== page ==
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AI Ethicist: Don't Repeat Regulatory Failures of Facebook

Addressing Carnegie Mellon University this week, Duke University law professor Nita Farahany said ChatGPT was adopted even faster with less safeguards than social media, but we need not repeat the same mistakes.

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(TNS) — In a reprise of an April TED Talk where she warned about artificial intelligence hacking human brains, Nita Farahany traveled to Pittsburgh on Monday to lecture students and faculty at Carnegie Mellon University on the emerging technology's potential for help and harm.

Ms. Farahany, a Duke University law professor and former bioethics advisor under President Barack Obama, said that ChatGPT and other generative AI tools offer the government a chance to correct some of the regulatory failures it made with social media.

"This isn't our first encounter with AI," she said, noting that Justin Rosenstein used computer intelligence to engineer Facebook's "like" button years before he realized the feature's potential to profoundly harm humanity. Likes were designed to spread joy, but Mr. Rosenstein and others now worry the potentially addictive feature is hurting self-esteem, distracting the masses and forever altering the human experience.

(Wired used that example in 2022 to suggest that tech leaders can do more to avoid unintended consequences.)

Meta is only just now facing lawsuits for addicting children to Facebook and Instagram while harming their self-esteem, Ms. Farahany said.

ChatGPT was adopted even faster with less safeguards.

"Given how revolutionary it is for humanity, imagine a technology like that being released with no prior testing, no deliberative democracy, no oversight, no premarket clearance, very little discussion or even safety testing," she said.

Artificial intelligence could make it easier for social media companies to exploit the human brain for profit, Ms. Farahany said. But it can also be used for good.

AI-assisted work can reduce burnout and increase worker safety, she said, citing studies by Pennsylvania State University and Microsoft.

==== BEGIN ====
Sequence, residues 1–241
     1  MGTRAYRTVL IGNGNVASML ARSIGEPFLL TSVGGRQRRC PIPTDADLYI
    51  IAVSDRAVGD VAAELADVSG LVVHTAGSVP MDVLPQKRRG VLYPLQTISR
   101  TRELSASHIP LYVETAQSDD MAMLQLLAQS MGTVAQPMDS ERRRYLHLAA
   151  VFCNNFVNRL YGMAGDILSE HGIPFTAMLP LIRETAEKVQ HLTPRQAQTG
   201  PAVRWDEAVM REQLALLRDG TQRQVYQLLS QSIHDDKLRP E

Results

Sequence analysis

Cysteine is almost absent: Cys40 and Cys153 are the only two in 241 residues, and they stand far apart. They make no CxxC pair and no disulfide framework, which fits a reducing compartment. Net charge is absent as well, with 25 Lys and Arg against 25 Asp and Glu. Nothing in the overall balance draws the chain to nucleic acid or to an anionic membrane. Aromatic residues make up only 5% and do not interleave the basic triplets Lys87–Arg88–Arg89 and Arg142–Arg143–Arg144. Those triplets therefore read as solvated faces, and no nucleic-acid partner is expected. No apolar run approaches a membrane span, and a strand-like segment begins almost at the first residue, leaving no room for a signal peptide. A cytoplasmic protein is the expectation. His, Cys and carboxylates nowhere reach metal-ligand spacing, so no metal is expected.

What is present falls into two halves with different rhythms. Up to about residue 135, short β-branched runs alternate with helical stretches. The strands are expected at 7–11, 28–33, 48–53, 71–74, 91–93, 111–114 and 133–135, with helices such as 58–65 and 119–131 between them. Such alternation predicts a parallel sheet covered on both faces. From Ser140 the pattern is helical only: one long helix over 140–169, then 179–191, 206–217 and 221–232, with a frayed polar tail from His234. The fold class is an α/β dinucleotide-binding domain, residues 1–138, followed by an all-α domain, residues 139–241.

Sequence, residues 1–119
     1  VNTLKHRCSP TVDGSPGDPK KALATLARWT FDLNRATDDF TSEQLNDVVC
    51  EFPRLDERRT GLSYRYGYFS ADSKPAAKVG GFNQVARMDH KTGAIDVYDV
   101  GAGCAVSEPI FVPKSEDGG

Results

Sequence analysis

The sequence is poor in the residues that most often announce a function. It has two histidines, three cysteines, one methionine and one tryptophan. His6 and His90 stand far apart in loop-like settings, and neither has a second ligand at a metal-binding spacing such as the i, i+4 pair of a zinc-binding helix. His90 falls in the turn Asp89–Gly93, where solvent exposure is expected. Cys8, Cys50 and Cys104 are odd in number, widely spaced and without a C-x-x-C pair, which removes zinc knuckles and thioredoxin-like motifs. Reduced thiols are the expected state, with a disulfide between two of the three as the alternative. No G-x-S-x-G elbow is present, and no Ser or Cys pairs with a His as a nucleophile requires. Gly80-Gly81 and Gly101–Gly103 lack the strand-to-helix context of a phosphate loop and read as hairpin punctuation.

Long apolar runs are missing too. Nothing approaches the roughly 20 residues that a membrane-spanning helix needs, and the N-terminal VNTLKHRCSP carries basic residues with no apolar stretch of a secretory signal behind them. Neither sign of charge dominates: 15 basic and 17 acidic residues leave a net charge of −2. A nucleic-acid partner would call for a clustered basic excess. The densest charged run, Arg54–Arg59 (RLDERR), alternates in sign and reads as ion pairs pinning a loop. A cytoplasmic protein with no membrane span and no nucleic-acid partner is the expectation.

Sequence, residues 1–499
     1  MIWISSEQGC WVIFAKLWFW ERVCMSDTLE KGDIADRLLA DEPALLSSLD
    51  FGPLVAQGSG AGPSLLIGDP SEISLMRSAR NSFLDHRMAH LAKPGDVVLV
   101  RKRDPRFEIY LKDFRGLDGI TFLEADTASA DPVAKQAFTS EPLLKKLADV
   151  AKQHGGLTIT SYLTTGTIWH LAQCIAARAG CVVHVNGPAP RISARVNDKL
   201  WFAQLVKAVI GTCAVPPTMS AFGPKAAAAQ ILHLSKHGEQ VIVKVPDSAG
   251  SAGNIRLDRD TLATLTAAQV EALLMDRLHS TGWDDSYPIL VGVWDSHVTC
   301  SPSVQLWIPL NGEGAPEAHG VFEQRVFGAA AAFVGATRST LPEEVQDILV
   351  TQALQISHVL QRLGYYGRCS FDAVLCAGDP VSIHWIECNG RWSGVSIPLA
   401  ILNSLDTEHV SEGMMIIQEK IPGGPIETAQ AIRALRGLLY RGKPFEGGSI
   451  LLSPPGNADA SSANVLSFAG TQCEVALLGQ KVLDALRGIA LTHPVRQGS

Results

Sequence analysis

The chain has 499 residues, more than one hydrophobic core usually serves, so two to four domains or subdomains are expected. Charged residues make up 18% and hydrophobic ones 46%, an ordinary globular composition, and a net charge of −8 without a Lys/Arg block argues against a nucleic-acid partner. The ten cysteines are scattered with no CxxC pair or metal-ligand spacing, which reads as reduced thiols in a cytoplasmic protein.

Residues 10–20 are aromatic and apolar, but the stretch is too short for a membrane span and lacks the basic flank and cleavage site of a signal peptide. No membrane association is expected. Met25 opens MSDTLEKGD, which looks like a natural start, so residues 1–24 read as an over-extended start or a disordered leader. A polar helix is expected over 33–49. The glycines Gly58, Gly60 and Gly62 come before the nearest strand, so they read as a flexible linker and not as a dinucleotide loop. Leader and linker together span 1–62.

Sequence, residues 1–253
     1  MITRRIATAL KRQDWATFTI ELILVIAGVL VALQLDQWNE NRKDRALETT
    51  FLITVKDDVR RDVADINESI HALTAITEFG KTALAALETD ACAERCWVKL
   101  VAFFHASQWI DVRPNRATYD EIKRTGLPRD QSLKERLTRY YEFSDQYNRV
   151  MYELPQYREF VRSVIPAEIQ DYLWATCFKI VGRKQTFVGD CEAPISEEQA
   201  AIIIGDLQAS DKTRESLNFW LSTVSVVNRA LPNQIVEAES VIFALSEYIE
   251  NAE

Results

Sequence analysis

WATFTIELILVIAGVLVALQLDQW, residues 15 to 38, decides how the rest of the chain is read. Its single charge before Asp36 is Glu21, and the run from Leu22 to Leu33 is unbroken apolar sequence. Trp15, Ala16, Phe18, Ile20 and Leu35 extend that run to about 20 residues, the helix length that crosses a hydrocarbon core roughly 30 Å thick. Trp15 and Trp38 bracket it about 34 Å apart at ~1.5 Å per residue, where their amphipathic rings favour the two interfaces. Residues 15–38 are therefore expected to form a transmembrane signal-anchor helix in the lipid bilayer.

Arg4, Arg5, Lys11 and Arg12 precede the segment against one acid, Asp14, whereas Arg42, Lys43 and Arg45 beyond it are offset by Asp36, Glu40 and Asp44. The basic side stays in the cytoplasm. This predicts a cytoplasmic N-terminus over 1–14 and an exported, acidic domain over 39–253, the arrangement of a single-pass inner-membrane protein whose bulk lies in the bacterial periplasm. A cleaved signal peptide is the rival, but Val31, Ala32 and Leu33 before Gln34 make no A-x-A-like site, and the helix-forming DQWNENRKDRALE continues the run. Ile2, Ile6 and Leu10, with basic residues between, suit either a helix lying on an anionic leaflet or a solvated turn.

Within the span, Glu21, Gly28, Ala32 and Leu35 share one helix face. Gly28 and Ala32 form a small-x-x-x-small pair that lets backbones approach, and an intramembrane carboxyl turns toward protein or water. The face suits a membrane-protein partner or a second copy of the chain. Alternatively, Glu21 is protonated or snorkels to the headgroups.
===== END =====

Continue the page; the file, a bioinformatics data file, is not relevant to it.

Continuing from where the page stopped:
"We're entering into an age of partnership with technology," Ms. Farahany said. "That's threatening for many people, but it doesn't have to undermine human thinking, if we invest in the right way."

CMU's Block Center for Technology and Society expects to release a report this week on operationalizing AI across various business sectors.

Even the controversial idea of computers building psychological profiles for humans isn't inherently harmful, Ms. Farahany said. Duolingo's AI-powered understanding of human learning helps people learn languages faster. Personalized dieting software could similarly help people lose weight.

"I don't think addiction is necessarily in and of itself bad," she said.

But when the addiction overrides humans' ability to act in their own self-interest, then there's a problem.

AI has already infiltrated daily life in ways that can be hard to detect. Ms. Farahany showed statistics that suggest 77 percent of people are using an AI-powered device, but only 33 percent of people are aware they are.

One way to overcome the gap in understanding is through education, she said.

In Finland, public school children are learning how to discern between content that was manipulated with AI. That awareness could become more important as deepfakes infiltrate political races and pornography.

Her strongest example of AI being used for good was in the early detection of seizures. By training computers on epilepsy data, researchers in Israel and Spain can now identify warning signs of a potential seizure before it occurs.

"This is the kind of insight where we're designing technology for human flourishing and we can imagine a really different world," Ms. Farahany said.

Her talk was part of CMU's fall lecture series. Duquesne University is hosting its annual tech ethics convention on Friday, focused on generative AI.

Global leaders met in Britain last week to discuss the responsible development of AI. The summit came days after President Joe Biden signed an executive order demanding safety testing from AI developers and assigning federal agencies to oversee the explosive technology.

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